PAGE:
“Jesus at the Vanishing Point,” written by Robert M. Price, a member of the Jesus Seminar, is easily the most controversial article. At the outset, Price tells readers that after having been a pastor of a Baptist church for half a dozen years, he is now a happy Episcopalian, rejoicing “to take the Eucharist every week and to sing the great hymns of the faith.” No problem there. What he never explains, in all of his argument for the “Christ-Myth” theory, is how he reconciles his religious practice with the idea that Jesus never existed. To be fair, it is outside the scope of his analysis, but I could not stop thinking about the implications. If Christ never existed, then He never rose from the dead. If that is the case, the apostle Paul tells us that our “faith is in vain.” Furthermore, Paul says, “If in this life only we have hoped in Christ, we are of all people most to be pitied.” In other words, if the resurrection is a myth, which it would be if Christ never existed, and if all we have is this life, Christians are strongly deluded.

How can Price celebrate a faith whose founder never existed? This is not to say that he fails to present arguments in his defense. He provides plenty of analysis, but I found it unconvincing.

My intention is not to denigrate Price or John Dominic Crossan, a cofounder of the Seminar and another contributor to this book. However, I want to address one of his thoughts. In relation to Jesus’ view of the imminence of God’s kingdom, he writes, “Jesus watched, learned and changed his vision of God.” In another place, where he partially quotes another author, he writes, “If ‘the future, definitive, and imminent arrival of God’s kingly rule was central to Jesus’ proclamation’ (p. 398), then Jesus’ central proclamation was quite simply wrong and misguided.” It would be better to recognize that his inability to reconcile a seeming contradiction does not mean that Jesus was wrong. If history can show that Jesus thought of himself as divine, how can Crossan imply that He was wrong, or that He needed to change his vision of God? Jesus could not be God if he was wrong about anything. I think history, rightly known and understood, will prove Jesus right.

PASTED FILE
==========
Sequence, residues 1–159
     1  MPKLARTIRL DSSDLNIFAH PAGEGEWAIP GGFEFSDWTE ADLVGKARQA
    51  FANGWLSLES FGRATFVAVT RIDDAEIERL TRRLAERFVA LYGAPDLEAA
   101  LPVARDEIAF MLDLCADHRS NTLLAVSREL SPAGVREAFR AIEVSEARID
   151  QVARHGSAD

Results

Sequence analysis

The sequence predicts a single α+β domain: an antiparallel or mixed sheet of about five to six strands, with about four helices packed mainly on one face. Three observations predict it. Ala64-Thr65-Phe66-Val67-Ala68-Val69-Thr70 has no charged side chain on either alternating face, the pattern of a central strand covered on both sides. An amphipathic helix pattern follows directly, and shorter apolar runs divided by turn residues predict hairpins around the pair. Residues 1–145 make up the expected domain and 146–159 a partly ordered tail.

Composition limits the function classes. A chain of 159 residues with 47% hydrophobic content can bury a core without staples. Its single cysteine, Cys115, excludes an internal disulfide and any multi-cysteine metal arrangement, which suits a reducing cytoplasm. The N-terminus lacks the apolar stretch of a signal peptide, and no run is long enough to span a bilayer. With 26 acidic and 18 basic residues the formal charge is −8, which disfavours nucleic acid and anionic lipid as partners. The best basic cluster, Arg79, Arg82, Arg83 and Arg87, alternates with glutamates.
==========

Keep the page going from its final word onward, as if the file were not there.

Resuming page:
On the positive side, I appreciated Luke Timothy Johnson’s thoughts on the limits of historical analysis, especially as applied to Jesus. Similarly, James D. G. Dunn’s discussion of oral history is helpful. Darrell L. Bock, from Dallas Theological Seminary, presents and defends evangelical views.

As for the format, each scholar has an essay, which in turn is critiqued by the other four. All of them are obviously well-versed, and they show no disrespect toward each other. Finer points are sometimes hard to follow because the analysis gets technical. Having the counterpoint arguments provides an additional opportunity to understand the main points. It also helps to separate the wheat from the chaff, which can be a challenge for the reader.

Christians have nothing to fear from historical inquiry, or any other type of inquiry. Sometimes the Christ of faith is obscured by religious dogma and our own blindness. “For now we see in a mirror dimly, but then face to face” (1 Cor. 13:12a ESV). A quest like this can serve a useful purpose when it helps us to know more of the truth and see Christ better. There should be no disparity between the Jesus of history and the Christ of faith.

In reading a book like this, it helps to have already settled that the Bible is God’s Word. Otherwise, one can easily become confused and even misled by what is wrongly considered to be true. Being able to apprehend truth by faith can guard one from wrongly interpreting historical data. None of this should be taken to mean that Christians have a faith that can’t be verified in any way by factual knowledge. There is sufficient evidence to support that the Scriptures are true and reliable. Any investigation that actually gets at the truth will serve to confirm or enhance our understanding of what God has revealed in His Word.

Rock Gets Religion - Mark Joseph